FROM pgr_dijkstra(
‘SELECT id, source, target, cost, reverse_cost FROM uk_2po_4pgr
WHERE geom_way && ST_MakeEnvelope(-0.2090, 51.5160, -0.1150, 51.4838, 4326)’,
ARRAY[66763, 2318147], ARRAY[1928565, 2515220]
) a, uk_2po_4pgr b
WHERE a.edge =;

© Mapbox, © OpenStreetMap

In the preceding image, every source node is reaching every target node.

What about the traveling salesman problem, which tries to find the shortest route that visits each location exactly once and returns to the origin location?

pgRouting provides additional functions to solve this challenge:

pgr_TSP – When input is given as matrix cell information
pgr_TSPeuclidean – When the input is coordinates

For simplicity, we use the pgr_TSPeuclidean function.

The main input parameter is another SQL statement that returns latitude and longitude coordinates for the chosen nodes.

Given a delivery service in Covent Garden (node ID 2097118) and customers based in our National History Museum (node ID 2789707) and Hyde Park (node ID 2763353) locations, what is the shortest route that visits each site once and returns to the origin?

You can find the solution using the following query:

SELECT * FROM pgr_eucledianTSP(
SELECT id, x1 as x, y1 as y FROM uk_2po_4pgr WHERE id
IN(2097118, 2789707, 2763353)
randomize := false);

The following screenshot shows our output.

The output indicates that the first stop should be Hyde Park (node ID 2763353) and the second is the National History Museum (node ID 2789707).

Cleaning up

To avoid incurring charges after you test the solution, delete the stack created with the CloudFormation template or delete your AWS Cloud9 environment.


In this post, I walked you through how to use Aurora PostgreSQL to store and query GIS data to optimize and make informed decisions about which route to use for improved lead time estimation while saving costs.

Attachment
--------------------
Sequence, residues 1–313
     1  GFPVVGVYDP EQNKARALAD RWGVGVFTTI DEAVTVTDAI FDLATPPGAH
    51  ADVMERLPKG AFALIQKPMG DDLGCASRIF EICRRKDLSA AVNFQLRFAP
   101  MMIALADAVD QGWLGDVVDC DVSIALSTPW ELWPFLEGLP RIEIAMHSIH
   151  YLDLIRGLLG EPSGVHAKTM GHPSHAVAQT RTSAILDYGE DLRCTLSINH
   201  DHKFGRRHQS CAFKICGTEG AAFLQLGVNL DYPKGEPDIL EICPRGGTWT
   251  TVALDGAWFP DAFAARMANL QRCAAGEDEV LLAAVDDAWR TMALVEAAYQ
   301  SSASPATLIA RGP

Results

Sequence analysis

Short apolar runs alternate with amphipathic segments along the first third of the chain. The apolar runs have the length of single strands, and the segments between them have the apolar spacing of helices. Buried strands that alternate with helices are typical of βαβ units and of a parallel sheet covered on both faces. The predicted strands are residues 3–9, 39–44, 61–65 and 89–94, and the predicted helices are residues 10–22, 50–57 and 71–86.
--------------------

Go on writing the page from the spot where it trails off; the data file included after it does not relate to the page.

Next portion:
Using Aurora instead a self-hosted solution has several benefits, because you no longer need to worry about hardware provisioning, patching, scaling, replicas, backup, and restore. Aurora is designed to offer greater than 99.99% availability, replicating six copies of your data across three Availability Zones and backing up your data continuously to Amazon Simple Storage Service (Amazon S3). With Global Database, a single Aurora database can span multiple AWS Regions to enable fast local reads and quick disaster recovery. All those benefits allow Aurora PostgreSQL to deliver GIS capability at scale, enabling you to thrive in this new era of logistics management.

I encourage you to experiment more with Aurora PostgreSQL and PostGIS, and also check out Amazon Location Service.

Please share your experience and your feedback in the comments section.

About the Author

Nicola Pietroluongo is an AWS Senior Solutions Architect supporting large enterprises in their strategic implementation solving technical and business challenges. He enjoys sharing innovative ways of tackling problems or delivering ideas. Follow him on Twitter at @niklongstone.